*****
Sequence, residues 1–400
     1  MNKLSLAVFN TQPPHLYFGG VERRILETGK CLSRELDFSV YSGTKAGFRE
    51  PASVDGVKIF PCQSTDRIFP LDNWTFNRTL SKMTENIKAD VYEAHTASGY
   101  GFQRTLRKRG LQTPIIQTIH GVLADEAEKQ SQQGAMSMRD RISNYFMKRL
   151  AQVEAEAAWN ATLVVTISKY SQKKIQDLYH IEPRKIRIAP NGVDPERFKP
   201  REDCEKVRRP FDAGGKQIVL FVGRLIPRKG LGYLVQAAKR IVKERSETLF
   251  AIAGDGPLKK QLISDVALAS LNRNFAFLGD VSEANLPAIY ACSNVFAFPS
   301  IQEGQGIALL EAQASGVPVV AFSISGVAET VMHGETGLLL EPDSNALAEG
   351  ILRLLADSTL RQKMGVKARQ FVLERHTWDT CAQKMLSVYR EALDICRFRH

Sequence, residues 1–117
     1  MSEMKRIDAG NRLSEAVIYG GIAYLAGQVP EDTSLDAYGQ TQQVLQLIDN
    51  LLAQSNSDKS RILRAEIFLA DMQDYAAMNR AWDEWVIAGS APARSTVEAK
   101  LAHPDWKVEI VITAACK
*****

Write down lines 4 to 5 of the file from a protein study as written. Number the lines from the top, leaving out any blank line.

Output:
   101  GFQRTLRKRG LQTPIIQTIH GVLADEAEKQ SQQGAMSMRD RISNYFMKRL
   151  AQVEAEAAWN ATLVVTISKY SQKKIQDLYH IEPRKIRIAP NGVDPERFKP